Chief executive officer Ben Kleban began the Sept. 11 meeting of the board of New Orleans College Prep Academies with a detailed explanation of the new system by which Louisiana schools will be evaluated and ranked.

Under the new system, English language and math classes in grades three through eight will be double-weighted. A quarter of the high school’s rating will be based on end-of-course exams, a quarter on ACT scores, a quarter on graduation rate, and a quarter on graduation index, a variable that factors the type of diploma achieved in combination with other factors.

Kleban said that though numbered scores will change, the state says the new system will not change the letter grades of most schools.

Kleban said that under the new system teacher performance will also be evaluated  according to specific criteria but those criteria specific teacher goals are not being disclosed.

Clarification: Kleban explained the general criteria for evaluations, but he said that teachers wouldn’t know their individual goals.

“So, it’s blind?” board member Ruth Kullman asked.

“Totally blind.” Kleban said.

Board Treasurer Peter Harding asked how long the new system would last.

“Until they change the system again,” replied Kleban, inspiring a burst of laughter.

In other business, Kleban presented a new CEO evaluation policy for the board’s consideration. Under the new policy, half of Kleban’s bonus would be tied to taking the school from a D to a C rating under the new state system.

NOCP has applied to run an additional charter school. The application states that the board is interested in taking over operation of any charter or direct-run school in New Orleans.  At previous meetings, members have discussed the possibility of evolving into a broader charter management organization, with several schools in its portfolio.

Clarification: NOCP currently runs two schools and already describes itself as a charter management organization.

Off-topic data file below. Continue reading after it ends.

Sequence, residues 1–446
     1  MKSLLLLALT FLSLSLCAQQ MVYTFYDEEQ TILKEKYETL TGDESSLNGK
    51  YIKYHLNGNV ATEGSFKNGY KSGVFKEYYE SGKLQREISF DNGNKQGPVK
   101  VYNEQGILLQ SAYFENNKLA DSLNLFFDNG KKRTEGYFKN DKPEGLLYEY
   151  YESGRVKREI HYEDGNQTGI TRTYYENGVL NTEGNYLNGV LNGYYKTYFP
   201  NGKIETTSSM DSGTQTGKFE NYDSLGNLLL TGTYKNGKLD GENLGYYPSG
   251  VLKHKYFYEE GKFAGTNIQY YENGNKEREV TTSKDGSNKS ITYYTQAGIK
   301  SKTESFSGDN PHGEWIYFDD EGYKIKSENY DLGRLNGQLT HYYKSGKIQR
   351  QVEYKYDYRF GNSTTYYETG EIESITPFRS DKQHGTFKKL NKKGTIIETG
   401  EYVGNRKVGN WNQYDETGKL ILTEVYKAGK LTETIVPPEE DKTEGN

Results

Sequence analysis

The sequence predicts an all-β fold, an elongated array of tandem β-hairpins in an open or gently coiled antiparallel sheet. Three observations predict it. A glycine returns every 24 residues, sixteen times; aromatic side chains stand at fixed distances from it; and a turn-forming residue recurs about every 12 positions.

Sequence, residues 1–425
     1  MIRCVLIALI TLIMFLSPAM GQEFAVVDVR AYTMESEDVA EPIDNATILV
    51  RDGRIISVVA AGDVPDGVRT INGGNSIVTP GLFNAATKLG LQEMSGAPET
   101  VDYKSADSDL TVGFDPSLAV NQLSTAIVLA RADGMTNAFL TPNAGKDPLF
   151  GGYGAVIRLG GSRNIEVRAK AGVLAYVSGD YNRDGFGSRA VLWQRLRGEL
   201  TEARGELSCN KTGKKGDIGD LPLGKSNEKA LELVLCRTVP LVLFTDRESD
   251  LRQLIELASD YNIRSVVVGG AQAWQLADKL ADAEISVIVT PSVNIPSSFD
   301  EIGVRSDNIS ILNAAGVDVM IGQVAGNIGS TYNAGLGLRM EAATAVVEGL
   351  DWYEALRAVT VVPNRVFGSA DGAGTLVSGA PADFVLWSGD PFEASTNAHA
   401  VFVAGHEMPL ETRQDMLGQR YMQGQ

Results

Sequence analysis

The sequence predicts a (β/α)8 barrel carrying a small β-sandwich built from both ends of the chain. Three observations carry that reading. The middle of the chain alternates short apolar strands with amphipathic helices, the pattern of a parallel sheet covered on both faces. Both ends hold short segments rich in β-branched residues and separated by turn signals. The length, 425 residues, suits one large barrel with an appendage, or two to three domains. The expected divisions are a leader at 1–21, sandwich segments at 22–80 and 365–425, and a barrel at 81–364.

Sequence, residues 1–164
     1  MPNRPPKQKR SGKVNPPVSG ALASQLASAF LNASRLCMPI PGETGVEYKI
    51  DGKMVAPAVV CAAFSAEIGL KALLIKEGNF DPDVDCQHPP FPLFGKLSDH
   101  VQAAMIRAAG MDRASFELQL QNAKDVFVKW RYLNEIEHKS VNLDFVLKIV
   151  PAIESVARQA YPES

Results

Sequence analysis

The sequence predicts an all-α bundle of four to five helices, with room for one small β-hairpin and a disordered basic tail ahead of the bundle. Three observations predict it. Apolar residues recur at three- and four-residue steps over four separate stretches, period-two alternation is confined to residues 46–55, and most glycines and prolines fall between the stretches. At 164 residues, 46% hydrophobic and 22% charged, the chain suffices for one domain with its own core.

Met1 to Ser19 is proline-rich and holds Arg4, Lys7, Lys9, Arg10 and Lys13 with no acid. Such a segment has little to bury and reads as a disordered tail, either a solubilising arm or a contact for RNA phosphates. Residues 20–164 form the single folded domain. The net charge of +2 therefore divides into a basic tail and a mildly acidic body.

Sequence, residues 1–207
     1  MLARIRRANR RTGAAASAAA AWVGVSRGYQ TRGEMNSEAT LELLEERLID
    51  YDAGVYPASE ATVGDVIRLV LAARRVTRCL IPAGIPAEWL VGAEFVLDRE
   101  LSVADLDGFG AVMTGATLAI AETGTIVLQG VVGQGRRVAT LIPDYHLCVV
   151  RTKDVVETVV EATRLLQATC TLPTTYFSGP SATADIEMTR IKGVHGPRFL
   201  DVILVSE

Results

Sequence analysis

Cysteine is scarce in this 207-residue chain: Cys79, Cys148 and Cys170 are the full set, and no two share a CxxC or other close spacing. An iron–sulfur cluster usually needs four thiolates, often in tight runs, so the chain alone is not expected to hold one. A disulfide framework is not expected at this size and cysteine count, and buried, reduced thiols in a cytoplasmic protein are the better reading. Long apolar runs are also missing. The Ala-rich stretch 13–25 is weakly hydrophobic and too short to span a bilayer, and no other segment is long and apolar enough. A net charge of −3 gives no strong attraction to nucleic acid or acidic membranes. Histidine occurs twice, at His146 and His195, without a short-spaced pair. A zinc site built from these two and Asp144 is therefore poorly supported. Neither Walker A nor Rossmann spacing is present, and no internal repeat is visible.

Harding reviewed a new draft of the 2012-13 budget, one adjusted to reflect a current enrollment of 886, down from an earlier projection of 960, but higher last year’s official count of 817 students.  The school lost enrollment in some of the lower grade levels, and has eliminated some staffing positions to accommodate for the reduction in revenues allocated on a per-student basis.

Clarification: Overall enrollment at the NOCP’s campuses is higher than last year.

The budget also calls for $300,000 in private fundraising, a goal that Kleban said was consistent with the best practices at comparably sized schools. He noted that NOCP had consistently raised more than that in the past.

Kleban said charters were poaching each others’ students in certain grades. Fifth graders who have passed the fourth-grade LEAP test are in demand, he said. He said that he would work to see a plan implemented that would limit charter enrollments.

Clarification: Kleban didn’t specifically tie competition for students to passage of the LEAP test; however, students generally can’t fully advance to fifth grade without passing the fourth-grade LEAP test. 

“Approaching 100 percent charter [in New Orleans], there has to be more coordination in that,” he said.

Present at the meeting were chairman Kenneth Polite, treasurer Peter Harding, secretary Ruth Kullman and members Jim Raby, Monica Edwards, and Kleban.  Murray Pitts was absent.

The one-hour meeting ended at 6:34 p.m.